Many FBI agents are highly trained in negotiation strategies. While we may never be in such a high-risk situation as an FBI agent, we can still use their strategies to master social situations and negotiate for what we want and need. Read on for a few tricks that could transform your life.
There are many negotiation strategies that can be used in everyday life and in a variety of situations.
Negotiation isn’t necessarily manipulative or only used when dealing with someone dangerous or unsound. We can use effective negotiation techniques to help ensure good resolution for everyone involved.
Whether you are negotiating with your boss or a toddler, give these negotiation strategies a try.
1. Use active listening
You will get the best out of your negotiation if you show that you are listening carefully to the other person. Let them know you are paying attention by leaning towards them, nodding, and saying things such as “yes,” or “I see”.
Avoid interrupting the other person at this stage and let them have their say. They will gradually begin to open up and reveal more information that will be useful to you in moving the negotiation forward.
Also, avoid disagreeing or contradicting them. This will make them defensive and slow down the progress of the negotiation. Find out all you can about how they feel and how they see the problem before you start thinking about a response.
2. Use empathy
In order to come to a resolution with someone, it is essential that you understand how they feel. You may not always agree with them, but mutual understanding is the best way to find common ground on which to build a compromise. Try to put yourself in the other person’s shoes and really understand the situation from their point of view.
3. Build rapport
Once you have listened and understood the other person, you need to show that you have done this. Empathy is understanding another person and rapport is built when they know that you have understood them.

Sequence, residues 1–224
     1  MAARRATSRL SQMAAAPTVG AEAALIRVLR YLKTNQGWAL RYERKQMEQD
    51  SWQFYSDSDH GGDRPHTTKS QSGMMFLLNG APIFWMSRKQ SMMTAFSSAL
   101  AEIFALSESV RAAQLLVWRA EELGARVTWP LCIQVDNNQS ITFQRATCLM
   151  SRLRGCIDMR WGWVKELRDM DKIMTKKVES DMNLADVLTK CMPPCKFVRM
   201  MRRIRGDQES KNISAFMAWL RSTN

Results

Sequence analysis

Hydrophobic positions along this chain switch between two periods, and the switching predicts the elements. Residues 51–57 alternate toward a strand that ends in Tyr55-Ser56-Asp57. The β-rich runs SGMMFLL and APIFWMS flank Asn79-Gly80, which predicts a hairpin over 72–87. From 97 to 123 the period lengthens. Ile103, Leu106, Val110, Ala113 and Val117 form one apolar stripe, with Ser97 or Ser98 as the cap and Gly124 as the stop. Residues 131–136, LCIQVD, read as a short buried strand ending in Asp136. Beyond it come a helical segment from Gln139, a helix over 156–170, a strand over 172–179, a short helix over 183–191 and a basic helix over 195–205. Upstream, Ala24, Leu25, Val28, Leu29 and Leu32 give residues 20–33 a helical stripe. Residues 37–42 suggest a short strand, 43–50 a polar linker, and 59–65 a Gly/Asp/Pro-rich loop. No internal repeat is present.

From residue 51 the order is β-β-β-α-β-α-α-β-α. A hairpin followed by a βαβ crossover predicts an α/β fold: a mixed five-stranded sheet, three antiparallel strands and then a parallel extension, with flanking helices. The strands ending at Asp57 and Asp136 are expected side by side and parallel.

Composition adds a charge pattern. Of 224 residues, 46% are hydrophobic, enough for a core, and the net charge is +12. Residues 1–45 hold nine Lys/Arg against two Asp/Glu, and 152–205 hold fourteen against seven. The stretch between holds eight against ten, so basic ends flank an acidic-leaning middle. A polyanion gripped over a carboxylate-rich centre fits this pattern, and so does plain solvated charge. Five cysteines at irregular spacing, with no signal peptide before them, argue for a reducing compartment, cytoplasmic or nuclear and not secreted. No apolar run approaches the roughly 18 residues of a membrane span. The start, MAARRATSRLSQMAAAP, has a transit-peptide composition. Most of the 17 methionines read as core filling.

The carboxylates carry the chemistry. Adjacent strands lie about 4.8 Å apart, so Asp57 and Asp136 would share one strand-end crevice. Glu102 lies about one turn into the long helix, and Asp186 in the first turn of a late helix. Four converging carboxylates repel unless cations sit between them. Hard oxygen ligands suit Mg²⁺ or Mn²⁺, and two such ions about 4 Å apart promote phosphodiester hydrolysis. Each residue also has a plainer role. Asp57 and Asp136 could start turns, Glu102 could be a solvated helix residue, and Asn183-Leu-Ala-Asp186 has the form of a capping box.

One technique to do this is by repeating part of what they have said or paraphrasing it and then repeating it back to them to show that you have listened and understood. Using the word “I” can also build rapport as it helps them see you as a person rather than just seeing your position.
Once you have built trust and rapport, you will be able to have a more open discussion about what can be done to solve the problem.
4. Identify the emotion
Often, in a disagreement, what the other person says doesn’t make much sense. It can help to identify the underlying emotion.
For example, a colleague may be quibbling about washing up but what they are really feeling is undervalued. A toddler may be screaming about putting their coat on when they are actually upset because they are overtired or anxious about where they are going.
Once you understand the underlying emotion, it will be easier to deal with the problem.
5. Ask open-ended questions
Asking open-ended questions can encourage the other person to talk. This will give you more information about the problem and help you to find a resolution. Avoid asking any questions that may make the other person feel interrogated, particularly “why” questions.
6. Use silence
Sometimes the best technique is silence. This is a well-known technique for encouraging someone to talk as most of us feel uncomfortable with silence and try to fill it as soon as possible.
Using this technique can help you to find out more about what the other person feels and wants, allowing you to have a better understanding of the problem and a clearer idea of how to find a compromise.
In addition, you can use silence effectively when the other person is being highly emotional or even abusive. Responding with calm silence is not what the other person expects. They will usually calm down a little even if it is just to check that you are still listening.
7. Stay calm
It is very easy to get caught up in the emotional drama when another person is being difficult. However, it is essential that you stay calm. If you shout or get upset, you will lose control of the situation and everything will get worse.
At all costs avoid retaliating, even if the other person has said something hurtful. If necessary, take a break until you get your own emotions back under control.
Once you have built trust and rapport and understood what the other person feels and wants, you should find they are more ready to listen to your thoughts and ideas. If at any point the negotiation takes a turn for the worse, return to the first three negotiation strategies to get it back on track.
In negotiation, many people bypass the first three of the above strategies. They expect to be able to influence the other person without building trust and rapport first. If you get the first three steps of this process right, you will find negotiating becomes much easier and less painful.
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